In April of 2020, we published this blog post regarding the newly enacted Families First Coronavirus Response Act (“FFCRA”) and what it meant for contractors. Among other things, the FFCRA required all private employers with fewer than 500 employees to offer employees two types of paid leave benefits: (1) up to 80 hours of Emergency Paid Sick Leave or “EPSL” and (2) up to 12 weeks of Public Health Emergency Leave or “E-FMLA” through December 31, 2020.
Contractors Who Provided FFCRA Leave from April 1, 2020 to December 31, 2020
As originally enacted, the FFCRA required contractors to continue to make contributions to health and welfare funds for employees who took leave. To offset the cost, the FFCRA made a tax credit available for “qualified health plan expenses,” so contractors would be reimbursed for the cost of health and welfare contributions.
Other fringes, however, were not eligible for tax credits. There was a question about whether contractors needed to make these contributions, and the answer likely depended on whether the relevant CBA required the contractor to make fringe contributions on “hours paid” (instead of “hours worked”).
Contractors Who Voluntarily Provided FFCRA Leave Between January 1, 2021 and September 31, 2021
While the requirement to provide paid FFCRA leave expired on December 31, 2020, Congress extended the FFCRA tax credits for employers who voluntarily offered the leave through March 31, 2021. Then, Congress passed the American Rescue Plan (“ARP”), which then extended the tax credits for employers who continued to offer paid leave through September 30, 2021 – see here.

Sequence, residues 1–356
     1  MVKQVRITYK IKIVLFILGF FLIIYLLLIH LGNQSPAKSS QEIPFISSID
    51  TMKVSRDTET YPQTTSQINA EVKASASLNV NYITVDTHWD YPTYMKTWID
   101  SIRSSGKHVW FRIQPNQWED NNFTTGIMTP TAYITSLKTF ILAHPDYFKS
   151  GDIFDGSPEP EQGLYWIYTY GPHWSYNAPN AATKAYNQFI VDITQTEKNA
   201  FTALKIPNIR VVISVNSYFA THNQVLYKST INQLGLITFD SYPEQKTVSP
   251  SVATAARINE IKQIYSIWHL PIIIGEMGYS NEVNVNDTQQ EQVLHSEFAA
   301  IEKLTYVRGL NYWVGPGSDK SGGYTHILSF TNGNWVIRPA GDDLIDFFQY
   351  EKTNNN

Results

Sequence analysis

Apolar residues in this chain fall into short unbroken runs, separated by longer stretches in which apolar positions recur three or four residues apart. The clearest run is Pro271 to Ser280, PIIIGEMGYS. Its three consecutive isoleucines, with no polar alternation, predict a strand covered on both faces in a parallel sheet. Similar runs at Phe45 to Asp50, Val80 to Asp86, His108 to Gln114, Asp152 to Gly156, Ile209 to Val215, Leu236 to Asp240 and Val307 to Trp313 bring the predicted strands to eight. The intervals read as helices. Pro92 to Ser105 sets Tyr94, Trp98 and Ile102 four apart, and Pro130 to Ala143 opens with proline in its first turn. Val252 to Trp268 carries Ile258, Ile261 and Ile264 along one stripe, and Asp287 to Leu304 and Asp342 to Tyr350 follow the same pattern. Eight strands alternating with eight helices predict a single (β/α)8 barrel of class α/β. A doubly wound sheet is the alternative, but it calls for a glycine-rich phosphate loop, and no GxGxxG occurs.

Accordingly, a contractor may claim a tax credit for contributions made to health and welfare funds made while an employee is on emergency leave if voluntarily offered by the contractor from January 1, 2021 through September 30, 2021.
Further, the ARP included additional tax credits for “amounts paid under certain collectively bargained agreements,” including: (1) pension plan contributions and (2) apprenticeship fund contributions that are allocable to E-PSL and E-FMLA. The contributions are properly allocable to qualified leave wages if the contributions are required, pursuant to the applicable CBA to be paid for the hours for which the qualified leave wages were provided. As noted in the 2020 blog post linked above, an example of a CBA requiring contributions to pension/apprenticeship program funds would be where the CBA mentions “hours paid” rather than “hours worked”.
The ARP specifies that the amount of pension plan or apprenticeship program contributions allocated to E-PSL or E-FMLA for a calendar quarter shall be the product of (1) the pension or apprenticeship program contribution rate (expressed as an hourly rate), and (2) the number of hours for which qualified E-PSL or E-FMLA wages were provided to employees covered under the CBA during the calendar quarter.
Accordingly, contractors may also claim a tax credit for contributions to a pension plan or apprenticeship program allocable to E-PSL or E-FMLA between April 1, 2021 and September 30, 2021.
Contractors who voluntarily offered E-PSL and E-FMLA through September 30, 2021 should make sure they claim tax credits for wages and fringe benefits contributions. Specifically, contractors may claim a tax credit for wages and contributions to a health and welfare fund from January 1, 2021 through September 30, 2021.
Contractors may also claim a tax credit for certain contributions to a pension plan or apprenticeship program allocable to E-PSL or E-FMLA between April 1, 2021 and September 30, 2021.